A key system (also known as a key telephone system, or KTS) is a multi-line telephone system in which two or more phones share two or more phone lines. Each phone line the key system station set (or extension) has access to has an appearance on the station set (i.e., the telephone). Typically this takes the form of a back-lit button. If the button is dark, the line is available. If the button is lit, the line is in use. If the button is flashing, the line is on hold.
A larger key system (e.g., a dozen or more lines) will typically feature a key service unit (KSU). This is the device where the lines from the voice provider terminate. This device then extends certain lines to certain phones within the building. In smaller systems, the KSU functions are incorporated into each phone.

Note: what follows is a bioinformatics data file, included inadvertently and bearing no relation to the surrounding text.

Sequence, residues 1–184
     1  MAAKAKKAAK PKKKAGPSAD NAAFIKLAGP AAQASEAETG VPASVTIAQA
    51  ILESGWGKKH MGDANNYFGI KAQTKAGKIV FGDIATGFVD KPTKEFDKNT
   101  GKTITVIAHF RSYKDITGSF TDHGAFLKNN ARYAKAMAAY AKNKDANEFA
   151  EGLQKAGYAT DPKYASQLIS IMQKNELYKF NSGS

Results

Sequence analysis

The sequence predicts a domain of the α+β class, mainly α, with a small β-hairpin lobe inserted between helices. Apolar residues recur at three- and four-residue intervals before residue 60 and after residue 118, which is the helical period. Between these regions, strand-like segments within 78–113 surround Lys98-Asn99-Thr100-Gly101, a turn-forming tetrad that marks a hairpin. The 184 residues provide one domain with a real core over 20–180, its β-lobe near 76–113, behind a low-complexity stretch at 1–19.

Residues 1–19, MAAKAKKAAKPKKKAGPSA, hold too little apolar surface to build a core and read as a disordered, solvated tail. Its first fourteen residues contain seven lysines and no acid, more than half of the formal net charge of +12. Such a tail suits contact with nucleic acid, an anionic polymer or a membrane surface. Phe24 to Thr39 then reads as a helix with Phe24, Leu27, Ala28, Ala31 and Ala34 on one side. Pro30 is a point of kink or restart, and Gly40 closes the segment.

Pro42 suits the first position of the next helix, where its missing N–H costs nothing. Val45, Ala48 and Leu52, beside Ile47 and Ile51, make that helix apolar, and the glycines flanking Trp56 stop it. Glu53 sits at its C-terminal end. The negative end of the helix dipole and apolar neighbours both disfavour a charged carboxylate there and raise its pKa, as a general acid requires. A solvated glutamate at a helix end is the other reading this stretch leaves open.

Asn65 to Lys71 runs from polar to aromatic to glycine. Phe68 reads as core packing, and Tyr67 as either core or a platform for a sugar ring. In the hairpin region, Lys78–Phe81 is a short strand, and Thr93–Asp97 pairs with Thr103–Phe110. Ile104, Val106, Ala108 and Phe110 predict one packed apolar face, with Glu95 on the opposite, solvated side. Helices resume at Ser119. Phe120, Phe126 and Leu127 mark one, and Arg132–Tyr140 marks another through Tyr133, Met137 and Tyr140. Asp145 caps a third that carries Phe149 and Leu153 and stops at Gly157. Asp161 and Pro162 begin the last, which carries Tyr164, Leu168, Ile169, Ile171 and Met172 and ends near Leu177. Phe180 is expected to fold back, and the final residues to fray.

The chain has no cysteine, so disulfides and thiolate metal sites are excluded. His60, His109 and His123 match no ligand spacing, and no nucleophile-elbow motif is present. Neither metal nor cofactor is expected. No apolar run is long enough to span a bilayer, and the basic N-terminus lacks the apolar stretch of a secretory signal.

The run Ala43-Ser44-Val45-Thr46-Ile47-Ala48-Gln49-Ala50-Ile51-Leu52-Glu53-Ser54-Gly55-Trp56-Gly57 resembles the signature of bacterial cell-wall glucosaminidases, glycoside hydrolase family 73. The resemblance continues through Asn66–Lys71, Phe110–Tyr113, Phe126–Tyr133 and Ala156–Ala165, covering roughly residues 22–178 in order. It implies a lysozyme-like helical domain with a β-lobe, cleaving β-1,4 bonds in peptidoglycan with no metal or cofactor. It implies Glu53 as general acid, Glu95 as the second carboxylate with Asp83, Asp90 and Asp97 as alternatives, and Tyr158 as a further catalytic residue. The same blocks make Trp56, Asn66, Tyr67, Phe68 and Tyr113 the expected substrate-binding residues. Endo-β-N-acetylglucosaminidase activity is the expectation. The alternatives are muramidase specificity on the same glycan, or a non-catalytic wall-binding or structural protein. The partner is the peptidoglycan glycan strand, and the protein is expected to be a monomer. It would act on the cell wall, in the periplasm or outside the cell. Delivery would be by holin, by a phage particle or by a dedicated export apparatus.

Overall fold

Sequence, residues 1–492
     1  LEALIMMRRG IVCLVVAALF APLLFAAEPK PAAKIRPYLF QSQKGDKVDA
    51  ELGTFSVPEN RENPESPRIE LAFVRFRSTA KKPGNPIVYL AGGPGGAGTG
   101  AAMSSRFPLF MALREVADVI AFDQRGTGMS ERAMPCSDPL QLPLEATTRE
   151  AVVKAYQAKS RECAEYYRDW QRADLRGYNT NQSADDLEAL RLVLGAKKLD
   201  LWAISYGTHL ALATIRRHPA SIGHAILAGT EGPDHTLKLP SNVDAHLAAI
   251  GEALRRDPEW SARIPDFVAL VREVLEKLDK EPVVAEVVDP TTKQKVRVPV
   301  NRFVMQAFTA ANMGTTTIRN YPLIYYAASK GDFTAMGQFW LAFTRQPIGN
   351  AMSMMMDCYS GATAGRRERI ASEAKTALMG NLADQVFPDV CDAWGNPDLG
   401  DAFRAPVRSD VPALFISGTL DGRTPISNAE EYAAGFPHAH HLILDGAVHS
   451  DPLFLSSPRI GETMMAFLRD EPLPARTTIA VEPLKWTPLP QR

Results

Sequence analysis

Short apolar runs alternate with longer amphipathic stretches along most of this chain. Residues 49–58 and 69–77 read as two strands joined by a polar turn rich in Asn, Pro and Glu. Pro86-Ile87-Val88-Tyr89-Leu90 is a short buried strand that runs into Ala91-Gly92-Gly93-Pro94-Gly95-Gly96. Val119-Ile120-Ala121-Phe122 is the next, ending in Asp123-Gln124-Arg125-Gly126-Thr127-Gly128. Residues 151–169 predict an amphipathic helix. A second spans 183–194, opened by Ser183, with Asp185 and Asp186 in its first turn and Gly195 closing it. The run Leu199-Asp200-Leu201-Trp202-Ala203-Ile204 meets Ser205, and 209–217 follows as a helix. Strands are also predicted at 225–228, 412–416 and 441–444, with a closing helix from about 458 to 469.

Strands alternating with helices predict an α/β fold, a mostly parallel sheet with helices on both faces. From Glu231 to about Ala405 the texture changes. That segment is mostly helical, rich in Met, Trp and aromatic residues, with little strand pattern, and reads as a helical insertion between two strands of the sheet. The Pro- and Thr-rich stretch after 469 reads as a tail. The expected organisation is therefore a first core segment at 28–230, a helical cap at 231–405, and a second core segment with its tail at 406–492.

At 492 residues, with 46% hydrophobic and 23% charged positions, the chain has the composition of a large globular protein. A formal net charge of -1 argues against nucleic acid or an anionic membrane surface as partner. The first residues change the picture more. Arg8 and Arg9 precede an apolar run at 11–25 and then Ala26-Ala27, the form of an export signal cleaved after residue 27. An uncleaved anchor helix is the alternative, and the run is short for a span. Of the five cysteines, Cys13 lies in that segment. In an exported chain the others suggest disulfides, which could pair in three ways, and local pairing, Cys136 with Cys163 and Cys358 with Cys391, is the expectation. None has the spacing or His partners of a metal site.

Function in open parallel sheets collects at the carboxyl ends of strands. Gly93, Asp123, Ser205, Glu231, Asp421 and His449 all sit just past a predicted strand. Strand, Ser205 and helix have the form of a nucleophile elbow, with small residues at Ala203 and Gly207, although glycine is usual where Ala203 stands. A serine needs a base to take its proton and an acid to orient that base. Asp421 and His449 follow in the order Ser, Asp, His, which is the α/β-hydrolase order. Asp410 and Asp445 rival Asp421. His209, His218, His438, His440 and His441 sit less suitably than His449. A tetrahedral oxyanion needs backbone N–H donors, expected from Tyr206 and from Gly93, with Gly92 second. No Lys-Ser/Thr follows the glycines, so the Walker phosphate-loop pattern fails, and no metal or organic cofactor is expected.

The distinction between a key system and a PBX used to be very clear: a PBX provided a switching function and dynamic circuit sharing on the trunk; a key system required each phone line to extend from the station sets all the way back to the voice provider. Modern key systems, however, blur this distinction by adding switching and dynamic circuit sharing, making them almost indistinguishable from a small PBX.
Other features now commonly found in key systems include:
- voice mail
- call accounting
- speed dialing
- caller ID
- remote supervision
- wire reduction (each phone line used to require a hard cable connection to each phone. Today's sets can reduce wiring requirements)
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